Merck & Co Inc said on Thursday Ken Frazier, one of only a handful of Black executives leading major U.S. companies, will step down as chief executive officer at the end of June and be replaced by Chief Financial Officer Robert Davis.
Frazier, 66, will remain with the drugmaker as executive chairman for a transition period. He had been due to retire in 2019, but the company scrapped a policy requiring its CEO to retire at age 65.
Frazier was one of only five Black CEOs on last year’s Fortune 500 list of America’s largest companies, released in June 2020.
His departure would drop the number to three as TIAA CEO Roger Ferguson, Jr. will also retire in March. But with Rosalind Brewer, Starbucks’ Chief Operating Officer, joining the ranks as CEO of Walgreens Boots Alliance Inc in March, the number will go to four.
Corporate boards are coming under pressure to address the dearth of Black leadership at top American companies with diversity increasingly recognized as a worthy corporate value.
Davis will inherit a company with one of the world’s best selling drugs in its cancer immunotherapy Keytruda and a tightened focus after it completes the spinoff of its slower growing women’s health, biosimilar drugs and older products later this year.
Frazier joined Merck nearly 30 years ago and climbed the ranks, becoming the first Black CEO of a major drug company in 2011. He made his name at Merck as general counsel by steering the company safely through daunting litigation over Vioxx. He also played a significant role in Merck’s 2009 acquisition of U.S. drugmaker Schering-Plough, which then held Keytruda, or pembrolizumab, as a pipeline asset.
“That deal was done at a time where, frankly, we saw an opportunity in the market based on where the valuations of companies were,” he said. “None of us were really smart enough to know that among the assets we were acquiring was pembrolizumab.”
Under Frazier’s leadership, Keytruda has eclipsed Bristol Myers Squibb’s cancer immunotherapies, which hit the market first. Keytruda’s sales topped $14 billion last year.
Shares of the company more than doubled over his tenure.
Frazier, the grandson of a sharecropper, made headlines in 2017 when he became the first business leader to leave former U.S. President Donald Trump’s manufacturing council following Trump’s comments on a white nationalist rally held in Charlottesville, Virginia.
“His shoes won’t be easy to fill in so many ways, both within Merck but also including his many principled and valuable contributions to important issues facing society today,” Davis said on a post-earnings conference call.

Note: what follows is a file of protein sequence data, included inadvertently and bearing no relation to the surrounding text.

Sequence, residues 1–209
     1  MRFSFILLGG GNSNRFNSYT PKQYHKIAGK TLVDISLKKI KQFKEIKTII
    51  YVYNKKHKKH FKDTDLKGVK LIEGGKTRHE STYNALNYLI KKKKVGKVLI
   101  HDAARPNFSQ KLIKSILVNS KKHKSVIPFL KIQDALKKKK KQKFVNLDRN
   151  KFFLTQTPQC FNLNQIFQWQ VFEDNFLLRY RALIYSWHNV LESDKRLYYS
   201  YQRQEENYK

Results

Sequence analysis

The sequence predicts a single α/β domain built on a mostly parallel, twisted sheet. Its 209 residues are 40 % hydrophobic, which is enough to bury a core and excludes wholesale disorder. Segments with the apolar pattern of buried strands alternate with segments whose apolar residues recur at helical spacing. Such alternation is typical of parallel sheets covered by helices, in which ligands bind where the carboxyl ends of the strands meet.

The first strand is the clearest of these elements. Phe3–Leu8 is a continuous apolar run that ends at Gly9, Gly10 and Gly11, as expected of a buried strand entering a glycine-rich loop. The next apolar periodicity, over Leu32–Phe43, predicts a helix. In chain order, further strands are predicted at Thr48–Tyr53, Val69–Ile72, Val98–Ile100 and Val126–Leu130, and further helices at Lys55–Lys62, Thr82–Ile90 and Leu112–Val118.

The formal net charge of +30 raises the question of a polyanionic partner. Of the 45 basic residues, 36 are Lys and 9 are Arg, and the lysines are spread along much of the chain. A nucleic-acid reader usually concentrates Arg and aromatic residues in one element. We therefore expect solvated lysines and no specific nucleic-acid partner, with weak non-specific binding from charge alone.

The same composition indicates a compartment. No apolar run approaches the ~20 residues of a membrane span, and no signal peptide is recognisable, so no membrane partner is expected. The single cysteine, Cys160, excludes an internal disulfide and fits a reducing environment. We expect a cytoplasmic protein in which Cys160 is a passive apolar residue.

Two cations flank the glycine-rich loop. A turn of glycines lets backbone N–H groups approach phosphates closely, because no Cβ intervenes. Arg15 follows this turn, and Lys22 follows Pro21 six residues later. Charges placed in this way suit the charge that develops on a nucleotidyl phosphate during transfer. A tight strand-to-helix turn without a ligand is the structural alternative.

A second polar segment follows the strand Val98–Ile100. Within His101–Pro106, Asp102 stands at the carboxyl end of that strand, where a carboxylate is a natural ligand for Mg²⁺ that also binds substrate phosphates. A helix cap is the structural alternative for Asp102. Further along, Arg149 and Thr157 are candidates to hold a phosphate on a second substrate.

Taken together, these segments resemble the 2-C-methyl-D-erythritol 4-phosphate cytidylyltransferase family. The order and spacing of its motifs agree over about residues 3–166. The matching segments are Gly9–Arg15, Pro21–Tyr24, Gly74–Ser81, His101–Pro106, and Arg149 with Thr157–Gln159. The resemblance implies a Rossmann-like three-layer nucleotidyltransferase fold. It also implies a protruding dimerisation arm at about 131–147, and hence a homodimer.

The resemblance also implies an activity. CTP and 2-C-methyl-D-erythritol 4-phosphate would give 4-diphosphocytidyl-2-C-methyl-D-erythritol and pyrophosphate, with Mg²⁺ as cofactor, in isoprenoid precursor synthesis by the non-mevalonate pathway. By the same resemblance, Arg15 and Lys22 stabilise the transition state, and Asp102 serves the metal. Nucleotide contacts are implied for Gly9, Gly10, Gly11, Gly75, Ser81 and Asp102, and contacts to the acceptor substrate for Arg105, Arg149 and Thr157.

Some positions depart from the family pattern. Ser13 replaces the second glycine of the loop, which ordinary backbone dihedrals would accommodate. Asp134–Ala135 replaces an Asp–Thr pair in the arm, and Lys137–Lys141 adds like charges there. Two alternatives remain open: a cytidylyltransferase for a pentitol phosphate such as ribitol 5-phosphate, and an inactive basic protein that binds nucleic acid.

Frazier’s success at Merck shows that the lack of top Black executives is not reflective of performance but rather of comfort, said Monica Hawkins, a Washington, D.C.-based management consultant.
Because many executives’ “social circles don’t give them the social capital to know more than five Ken Fraziers – if they know any – that excellence becomes a question in their mind, because they’ve never seen it before,” Hawkins said.
Although Black directors held 8% of board seats in the S&P 500 as of August, just five of those companies, or 1%, had Black CEOs, according to researcher Equilar. They included Frazier.
Barry Lawson Williams, a retired corporate director involved in efforts to recruit and place Black business leaders, said the paucity of Black CEOs at top U.S. companies partly reflected competition for that talent from private equity and financial services companies who can pay more.
He expects the number of Black CEOs will rise in coming years, adding: “I’m optimistic that there are a lot of good candidates.”
Frazier’s transition follows the recent retirement of Roger Perlmutter, who ran the company’s research and development division for much of Frazier’s tenure and was also considered a major force behind the success of Keytruda. Dean Li took over for Perlmutter on Jan. 1.
Davis has been CFO since 2014 and in charge of the company’s business development, real estate and other corporate strategic functions since 2016.
A career healthcare executive, he was president of Baxter International Inc’s medical products business before joining Merck, and also spent 14 years at Eli Lilly and Co.